The Black Panther Legacy Fuels Gen Z Activism

As social media grows, the parallels are clear.

Activism has become a pivotal word in the vocabulary of Gen Z’ers. From the 2020 racial reckoning to the endangerment of education for the next generation. Throughout the years, social media has heightened awareness surrounding severe political issues. Though Zillennials are considered the outspoken generation, they are simply following the blueprint of The Black Panther Party. Founded in 1966, Huey Newton (who was 19) and Bobby Seale (who was 25) wanted to create a community to confront politicians, challenge the police and be protectors of Black citizens. The party served as a safe space and a place for resources. By providing food, clothing and transportation, they implemented steps to regain their power in the community and curate a global revolution. 

Through crucial goals, including freedom, employment, housing and peace, the Panthers were adamant about the progression of citizens in their communities. Throughout the legacy of the Black Panther Party, the main principles included equity for Black people and not having to serve as sacrificial lambs during the war, injustices and more. “We believe that Black people should not be forced to fight in the military service to defend a racist government that does not protect us,” Newton and Seale wrote in their speech delivered at the Kaleidoscope Theater. “We will not fight and kill other people of color in the world who, like Black people, are being victimized by the White racist government of America.”

A young boy stares at the camera while members of the Black Panther Party distribute free clothing to the public, New Haven, Connecticut, September 28, 1969. (Photo by David Fenton/Getty Images)

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With a firm stance on improving the Black community, those same principles apply to Gen Z’ers as the fight toward progression is prevalent today. From police brutality to student loan debts, the cycle continues to repeat itself. The youth is fed up with seeking validation from government officials and wants to take matters into their own hands. According to a survey conducted in 2023, 15 percent of Gen Z adults in the United States said they had attended a rally or demonstration compared to eight percent of Millennials and Gen Xers. Gen Z adults were also the most likely generation to volunteer for a group or a cause, at 30 percent.

As social media grows, the parallels between Zillennials and the Black Panther Party are clear. Through campaigns for prison reform, voter registration and literacy, these are still issues occurring in real time decades later. “Education is everything, and I believe that literacy is freedom,” Marley Dias said at the 2023 GU Disruptor Summit. Gen Z continues to show the importance of amplifying grassroots activism through social media. Throughout the last election season, we’ve seen a shift in how Gen Z and Gen Alpha educate themselves on what happens within their backyard and take that information online to spread awareness.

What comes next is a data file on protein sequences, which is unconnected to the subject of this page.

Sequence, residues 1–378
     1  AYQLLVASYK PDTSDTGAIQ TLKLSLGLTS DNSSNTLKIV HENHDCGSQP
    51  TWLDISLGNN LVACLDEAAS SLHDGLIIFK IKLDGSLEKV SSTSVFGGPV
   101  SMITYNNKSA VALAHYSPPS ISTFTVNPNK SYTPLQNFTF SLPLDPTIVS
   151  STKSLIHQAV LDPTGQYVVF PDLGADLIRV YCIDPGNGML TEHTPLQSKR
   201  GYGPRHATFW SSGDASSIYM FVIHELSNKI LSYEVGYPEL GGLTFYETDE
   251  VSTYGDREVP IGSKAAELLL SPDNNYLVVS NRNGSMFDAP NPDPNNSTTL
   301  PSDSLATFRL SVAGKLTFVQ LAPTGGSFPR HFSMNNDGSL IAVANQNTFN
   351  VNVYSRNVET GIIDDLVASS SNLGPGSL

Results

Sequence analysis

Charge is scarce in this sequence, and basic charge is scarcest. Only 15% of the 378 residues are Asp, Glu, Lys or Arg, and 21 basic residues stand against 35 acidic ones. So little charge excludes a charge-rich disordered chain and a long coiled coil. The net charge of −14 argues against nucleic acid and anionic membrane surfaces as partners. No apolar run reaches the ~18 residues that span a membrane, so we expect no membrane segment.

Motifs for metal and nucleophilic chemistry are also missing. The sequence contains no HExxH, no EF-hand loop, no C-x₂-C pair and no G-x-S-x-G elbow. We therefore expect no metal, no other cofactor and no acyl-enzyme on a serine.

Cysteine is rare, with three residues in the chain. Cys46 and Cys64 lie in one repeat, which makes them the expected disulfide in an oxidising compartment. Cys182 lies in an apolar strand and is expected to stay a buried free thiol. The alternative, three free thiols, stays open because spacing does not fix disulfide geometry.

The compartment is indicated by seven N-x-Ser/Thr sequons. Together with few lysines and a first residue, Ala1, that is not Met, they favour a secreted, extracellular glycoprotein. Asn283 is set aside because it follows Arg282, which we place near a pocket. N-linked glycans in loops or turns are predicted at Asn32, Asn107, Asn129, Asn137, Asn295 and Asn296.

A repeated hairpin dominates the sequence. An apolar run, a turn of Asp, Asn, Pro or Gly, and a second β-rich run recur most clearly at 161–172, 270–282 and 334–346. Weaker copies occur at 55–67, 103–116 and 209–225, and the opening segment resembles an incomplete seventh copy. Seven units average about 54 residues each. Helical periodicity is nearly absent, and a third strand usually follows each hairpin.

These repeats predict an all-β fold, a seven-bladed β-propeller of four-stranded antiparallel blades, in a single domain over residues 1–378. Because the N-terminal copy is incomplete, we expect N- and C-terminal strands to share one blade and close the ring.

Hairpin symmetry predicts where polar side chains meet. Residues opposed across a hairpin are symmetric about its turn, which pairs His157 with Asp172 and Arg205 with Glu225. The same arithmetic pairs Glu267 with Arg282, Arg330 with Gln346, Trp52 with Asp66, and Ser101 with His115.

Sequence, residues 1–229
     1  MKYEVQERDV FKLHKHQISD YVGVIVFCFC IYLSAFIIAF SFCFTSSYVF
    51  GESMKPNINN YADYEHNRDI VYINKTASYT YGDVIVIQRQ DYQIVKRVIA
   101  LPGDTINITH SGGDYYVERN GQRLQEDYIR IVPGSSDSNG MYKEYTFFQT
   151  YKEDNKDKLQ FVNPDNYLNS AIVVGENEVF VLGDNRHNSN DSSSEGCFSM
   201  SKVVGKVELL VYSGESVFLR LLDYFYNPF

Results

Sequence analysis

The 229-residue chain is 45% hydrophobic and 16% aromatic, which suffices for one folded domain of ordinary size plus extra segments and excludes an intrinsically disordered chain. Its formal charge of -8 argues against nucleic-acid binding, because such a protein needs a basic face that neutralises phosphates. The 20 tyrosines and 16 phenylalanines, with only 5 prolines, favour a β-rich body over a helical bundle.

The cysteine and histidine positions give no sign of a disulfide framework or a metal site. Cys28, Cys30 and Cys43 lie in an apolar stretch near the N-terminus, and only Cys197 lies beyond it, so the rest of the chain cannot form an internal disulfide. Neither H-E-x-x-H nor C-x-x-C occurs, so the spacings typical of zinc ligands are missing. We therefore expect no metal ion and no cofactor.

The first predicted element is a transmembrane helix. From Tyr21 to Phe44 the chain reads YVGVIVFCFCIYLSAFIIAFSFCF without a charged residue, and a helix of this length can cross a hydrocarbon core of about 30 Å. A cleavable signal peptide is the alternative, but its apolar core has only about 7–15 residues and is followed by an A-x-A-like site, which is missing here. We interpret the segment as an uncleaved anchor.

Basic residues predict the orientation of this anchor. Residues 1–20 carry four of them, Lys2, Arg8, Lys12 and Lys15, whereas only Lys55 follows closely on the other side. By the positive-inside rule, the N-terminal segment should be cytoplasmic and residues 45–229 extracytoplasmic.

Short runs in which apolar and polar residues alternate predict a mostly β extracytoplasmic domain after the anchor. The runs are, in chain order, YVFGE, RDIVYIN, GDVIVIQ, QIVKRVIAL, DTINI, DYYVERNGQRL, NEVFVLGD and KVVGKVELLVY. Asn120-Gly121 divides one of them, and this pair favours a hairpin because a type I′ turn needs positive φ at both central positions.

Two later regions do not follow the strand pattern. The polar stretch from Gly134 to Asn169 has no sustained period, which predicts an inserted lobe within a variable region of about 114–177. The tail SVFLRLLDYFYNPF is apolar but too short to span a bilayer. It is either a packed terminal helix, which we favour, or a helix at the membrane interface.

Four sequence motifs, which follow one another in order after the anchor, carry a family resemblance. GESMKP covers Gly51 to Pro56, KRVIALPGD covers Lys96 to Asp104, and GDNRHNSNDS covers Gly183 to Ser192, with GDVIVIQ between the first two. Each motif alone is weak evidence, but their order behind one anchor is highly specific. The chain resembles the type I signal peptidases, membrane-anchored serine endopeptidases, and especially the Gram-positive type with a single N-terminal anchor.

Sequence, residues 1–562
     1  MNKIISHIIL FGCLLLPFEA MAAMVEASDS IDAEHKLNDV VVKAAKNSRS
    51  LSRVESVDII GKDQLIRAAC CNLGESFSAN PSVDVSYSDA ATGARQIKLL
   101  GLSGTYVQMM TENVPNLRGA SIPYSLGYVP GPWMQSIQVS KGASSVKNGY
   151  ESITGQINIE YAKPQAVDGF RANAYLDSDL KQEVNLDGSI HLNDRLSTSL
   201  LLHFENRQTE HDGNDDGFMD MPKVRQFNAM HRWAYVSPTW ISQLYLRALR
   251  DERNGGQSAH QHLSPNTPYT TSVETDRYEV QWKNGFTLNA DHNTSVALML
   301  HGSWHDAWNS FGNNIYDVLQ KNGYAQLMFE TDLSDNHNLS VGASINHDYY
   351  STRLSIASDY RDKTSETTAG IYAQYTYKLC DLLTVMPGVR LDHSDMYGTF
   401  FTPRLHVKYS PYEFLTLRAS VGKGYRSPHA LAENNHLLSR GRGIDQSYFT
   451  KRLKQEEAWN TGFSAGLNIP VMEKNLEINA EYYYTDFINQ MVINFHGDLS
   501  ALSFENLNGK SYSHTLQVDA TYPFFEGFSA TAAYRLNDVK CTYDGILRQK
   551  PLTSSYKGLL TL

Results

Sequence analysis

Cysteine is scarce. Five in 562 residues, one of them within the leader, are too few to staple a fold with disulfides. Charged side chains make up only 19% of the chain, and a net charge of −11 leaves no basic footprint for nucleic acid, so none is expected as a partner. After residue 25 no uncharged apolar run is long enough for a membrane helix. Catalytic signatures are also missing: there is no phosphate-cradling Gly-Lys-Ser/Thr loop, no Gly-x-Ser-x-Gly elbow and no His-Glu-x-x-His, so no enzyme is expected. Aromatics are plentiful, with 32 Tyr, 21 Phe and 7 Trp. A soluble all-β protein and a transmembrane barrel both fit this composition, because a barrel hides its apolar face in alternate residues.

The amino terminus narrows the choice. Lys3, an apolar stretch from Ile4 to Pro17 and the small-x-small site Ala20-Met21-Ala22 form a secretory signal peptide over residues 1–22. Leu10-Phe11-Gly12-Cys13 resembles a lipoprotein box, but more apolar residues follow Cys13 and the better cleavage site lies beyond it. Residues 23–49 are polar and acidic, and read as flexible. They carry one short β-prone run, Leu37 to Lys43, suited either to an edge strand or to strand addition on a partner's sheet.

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View of Black Panther Party leader Huey P Newton during a press conference, San Francisco, California, October 8, 1971. He had just returned from China where he met with Chinese leader Zhou En-Lai. (Photo by Bettmann/Getty Images)

The legacy of the Black Panther Party continues to resonate through contemporary activism. As digital platforms continue to evolve, the next generation sees the importance of looking at issues at the local level. Figures like Justin J. Pearson continue to show how crucial it is for Gen Z’ers to have representation and a voice to speak for the community. “You cannot forget where you came from,” HBCU activist Kamarie Brown said at the GU Summit. “My biggest thing is to remember to pay it forward.”

The approach the Black Panthers started continued with Gen Z as they created their own initiatives that focused on mutual aid and educational programs. In an era marked by the rise of social media and increased awareness of systemic racism, young activists have mobilized online and offline to demand accountability and advocate for police reform. The Black Lives Matter movement reflects the work that still needs to be done. The senseless killings of Trayvon Martin, Michael Brown, and Breonna Taylor, Gen Z’ers, are reflecting the legacy of the Black Panthers through protests, educational campaigns, and direct actions to challenge the structures of oppression that impact marginalized communities.

The intersectionality between Gen Z activism and The Black Panthers is vital as we look at the efforts this generation continues to make toward change. The first step toward progression is to recognize the interconnectedness of struggles against racism, sexism, homophobia, and economic inequality. Young activists are actively working to build bridges between different marginalized groups. This inclusive approach is evident in movements such as the Youth Climate Strike, Mari Copeny’s Flint water crisis initiative and more. Gen Z is forging a path toward a more just and equitable future by drawing inspiration from the Black Panther Party’s legacy of intersectional activism.

About the Author: Kenyatta Victoria is the lead writer for Essence GU, working on all things pop culture, politics, entertainment and business. Throughout her time at GU, she’s garnered devoted readers and specializes in the Zillennial point of view.

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